I bring this up because we’re on the eve of the absolute greatest celebration of American overindulgence: Thanksgiving. A day completely devoted to enjoying as much good food, good company, and good football as the body can physically endure. Still, while Thanksgiving no doubt extols excess, it does so in a way completely divorced from what has become the cultural norm.
So what’s the deal with this cultural overeating? And what makes Thanksgiving so different? Continue reading
Not great, but points for being from the suburbs of North Jersey.
The week started off with a beer tasting in my apartment. The mission? To find a delicious Bavarian style wheat beer, brewed in the New York area. The conclusion? …inconclusive. Discouraging, actually. It wasn’t all bad, but none held a candle – or even tried to, for that matter – to the true hefeweizens of Germany.
On Wednesday, I set my scope a little further south and tried out some Italian beers. The two could not have possibly been more dissimilar. The first one I tried – Nuova Mattina (translating to New Morning) – was crisp, dry, and light. It blossomed as it warmed, with aromas transitioning from sharp black pepper to fragrant honey and ginger. It was awesome.
Very farm to table.
Now picture La Rossa – a beer the color, demeanor, and aroma of a stabled thoroughbred. It was big, heavy, and deep dripping barn-door red. I wouldn’t say it was all bad just as I wouldn’t necessarily describe the smell of a horse as offensive. It’s pungent, no doubt, but in the right context it could be intriguing – even endearing. Unfortunately, immediately following the delicate Nuova Mattina was not the right context, and the Rossa just came off as a big, weird animal. Maybe next time. Continue reading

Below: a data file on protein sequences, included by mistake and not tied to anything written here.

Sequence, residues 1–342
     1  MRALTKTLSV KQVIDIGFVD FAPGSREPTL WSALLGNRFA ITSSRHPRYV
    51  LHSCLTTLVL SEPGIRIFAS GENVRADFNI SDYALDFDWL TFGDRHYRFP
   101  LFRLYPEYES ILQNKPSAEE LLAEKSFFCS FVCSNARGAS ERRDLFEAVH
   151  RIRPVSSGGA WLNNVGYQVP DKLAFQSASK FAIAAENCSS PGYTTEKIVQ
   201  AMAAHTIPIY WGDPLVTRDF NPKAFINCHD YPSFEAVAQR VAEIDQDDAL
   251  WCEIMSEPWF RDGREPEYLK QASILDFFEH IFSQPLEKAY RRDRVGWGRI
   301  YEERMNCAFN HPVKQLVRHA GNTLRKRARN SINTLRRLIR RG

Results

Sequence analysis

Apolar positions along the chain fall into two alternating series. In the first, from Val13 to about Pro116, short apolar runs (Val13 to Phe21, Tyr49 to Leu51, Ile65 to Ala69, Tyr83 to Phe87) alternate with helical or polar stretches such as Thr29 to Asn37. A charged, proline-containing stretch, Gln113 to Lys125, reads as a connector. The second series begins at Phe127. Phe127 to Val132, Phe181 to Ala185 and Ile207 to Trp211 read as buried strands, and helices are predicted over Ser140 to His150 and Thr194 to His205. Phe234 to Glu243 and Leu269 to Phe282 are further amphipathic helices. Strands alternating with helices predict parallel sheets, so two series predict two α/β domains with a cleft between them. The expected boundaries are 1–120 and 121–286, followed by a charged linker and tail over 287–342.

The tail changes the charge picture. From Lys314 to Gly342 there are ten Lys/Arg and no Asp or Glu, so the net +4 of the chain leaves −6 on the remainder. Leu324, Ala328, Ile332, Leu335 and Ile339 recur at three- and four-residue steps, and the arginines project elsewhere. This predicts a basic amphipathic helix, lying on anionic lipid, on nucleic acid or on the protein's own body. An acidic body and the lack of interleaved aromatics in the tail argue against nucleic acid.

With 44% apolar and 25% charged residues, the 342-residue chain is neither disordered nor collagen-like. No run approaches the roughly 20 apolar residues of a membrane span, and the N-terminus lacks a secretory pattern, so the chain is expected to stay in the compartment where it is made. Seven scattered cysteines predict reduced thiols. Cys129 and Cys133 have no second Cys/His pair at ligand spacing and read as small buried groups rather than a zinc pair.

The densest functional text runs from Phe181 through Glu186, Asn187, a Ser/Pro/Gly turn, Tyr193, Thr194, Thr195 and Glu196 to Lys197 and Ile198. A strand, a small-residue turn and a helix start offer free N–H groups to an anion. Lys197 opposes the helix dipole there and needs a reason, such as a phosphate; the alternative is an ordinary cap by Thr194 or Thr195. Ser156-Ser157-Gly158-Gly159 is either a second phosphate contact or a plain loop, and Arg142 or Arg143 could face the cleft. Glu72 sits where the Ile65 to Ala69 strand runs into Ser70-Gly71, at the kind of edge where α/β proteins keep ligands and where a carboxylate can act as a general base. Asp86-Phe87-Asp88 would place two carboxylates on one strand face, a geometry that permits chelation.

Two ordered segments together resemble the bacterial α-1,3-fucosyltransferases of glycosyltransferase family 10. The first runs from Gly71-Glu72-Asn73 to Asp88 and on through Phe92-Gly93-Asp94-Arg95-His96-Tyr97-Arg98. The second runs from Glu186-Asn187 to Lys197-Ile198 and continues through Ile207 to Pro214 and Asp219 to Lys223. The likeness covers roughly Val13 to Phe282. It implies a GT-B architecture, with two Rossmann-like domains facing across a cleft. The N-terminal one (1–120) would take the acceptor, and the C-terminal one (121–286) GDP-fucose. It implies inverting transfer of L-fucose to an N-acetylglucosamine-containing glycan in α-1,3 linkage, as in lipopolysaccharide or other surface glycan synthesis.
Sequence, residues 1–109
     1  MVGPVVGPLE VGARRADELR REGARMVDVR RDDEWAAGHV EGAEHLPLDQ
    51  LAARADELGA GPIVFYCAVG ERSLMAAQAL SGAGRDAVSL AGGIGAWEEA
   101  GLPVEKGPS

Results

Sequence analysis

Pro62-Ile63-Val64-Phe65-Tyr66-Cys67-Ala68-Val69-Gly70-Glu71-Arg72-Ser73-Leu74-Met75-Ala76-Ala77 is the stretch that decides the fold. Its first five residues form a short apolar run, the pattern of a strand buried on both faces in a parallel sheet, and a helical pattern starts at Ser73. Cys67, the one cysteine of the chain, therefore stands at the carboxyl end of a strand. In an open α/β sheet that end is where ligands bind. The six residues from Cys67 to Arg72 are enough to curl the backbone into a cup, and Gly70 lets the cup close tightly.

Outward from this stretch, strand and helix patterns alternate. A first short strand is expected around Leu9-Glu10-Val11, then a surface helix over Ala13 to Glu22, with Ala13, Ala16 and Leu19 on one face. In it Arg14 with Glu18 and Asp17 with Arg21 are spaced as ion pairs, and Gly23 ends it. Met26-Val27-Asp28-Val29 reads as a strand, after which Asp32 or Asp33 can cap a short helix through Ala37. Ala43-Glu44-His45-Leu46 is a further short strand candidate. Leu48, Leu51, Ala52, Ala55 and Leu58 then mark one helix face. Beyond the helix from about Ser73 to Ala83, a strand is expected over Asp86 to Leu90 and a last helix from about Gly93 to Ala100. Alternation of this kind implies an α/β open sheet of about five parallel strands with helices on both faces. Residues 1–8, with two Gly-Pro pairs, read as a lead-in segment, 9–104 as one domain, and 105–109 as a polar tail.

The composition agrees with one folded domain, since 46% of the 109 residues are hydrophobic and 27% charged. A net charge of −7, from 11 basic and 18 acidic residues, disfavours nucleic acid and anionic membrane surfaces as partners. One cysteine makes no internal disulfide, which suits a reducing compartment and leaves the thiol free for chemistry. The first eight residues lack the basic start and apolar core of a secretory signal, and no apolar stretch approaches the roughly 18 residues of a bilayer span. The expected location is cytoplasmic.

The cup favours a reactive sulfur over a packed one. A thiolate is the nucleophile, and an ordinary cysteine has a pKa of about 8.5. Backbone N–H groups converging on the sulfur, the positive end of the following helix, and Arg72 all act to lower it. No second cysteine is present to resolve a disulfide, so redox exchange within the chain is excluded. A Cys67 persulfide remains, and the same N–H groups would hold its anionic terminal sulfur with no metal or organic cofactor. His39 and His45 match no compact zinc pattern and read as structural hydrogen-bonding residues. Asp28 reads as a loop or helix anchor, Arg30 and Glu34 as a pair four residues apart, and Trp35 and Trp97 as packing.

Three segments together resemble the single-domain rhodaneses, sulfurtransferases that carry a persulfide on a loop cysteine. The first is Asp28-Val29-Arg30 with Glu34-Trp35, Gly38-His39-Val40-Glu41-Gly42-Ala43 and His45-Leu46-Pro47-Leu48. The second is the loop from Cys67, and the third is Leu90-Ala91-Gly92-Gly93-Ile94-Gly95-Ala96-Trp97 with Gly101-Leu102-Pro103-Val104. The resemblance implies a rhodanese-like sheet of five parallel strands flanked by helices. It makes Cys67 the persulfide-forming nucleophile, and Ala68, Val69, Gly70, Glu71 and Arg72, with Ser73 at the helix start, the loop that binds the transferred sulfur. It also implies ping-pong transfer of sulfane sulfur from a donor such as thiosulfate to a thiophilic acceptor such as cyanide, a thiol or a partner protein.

A couple quick discoveries that have really excited me about one of my favorite leaves:
1. The Union Square Farmers Market has massive heads of kale for 3 bucks. If looking prehistoric isn’t enough (which it is), it’s by far the sweetest, tastiest kale I’ve ever had. Jackpot.
2. The cooking time for kale can be cut dramatically by microwaving it before sautéing. Now, instead of cooking it down in chicken stock for 15 minutes until tender, I just zap it in the time it takes for the oil to heat up. Huge time saver.
So that’s pretty much it. Just shows to keep your eyes open – apparently, good things can keep on getting better…
In addition to another round of enlightenment, I have some pretty cool news in my own little world of beerdom. This week, I was put me in charge of revamping the beer menu of the restaurant where I bartend. It’s very cool to see stuff I’ve been doing for eatinggoodly help me out in life outside the blogosphere – and yes, it exists. For the menu, I’ll be focusing on local New York beers in addition to some selections from Italy, all with seasonality and food-pairing in mind. As a result, you’ll be seeing a little more from local breweries on the beer-list, so please (I mean it) let me know if you come across any good stuff in the city that you think I should try.
Unlike last week, which saw me struggling helplessly against a relentless onslaught of German wheat beer, this one was pretty much as diverse as they come. Definitely a nice change of pace. See the winners after the jump. Continue reading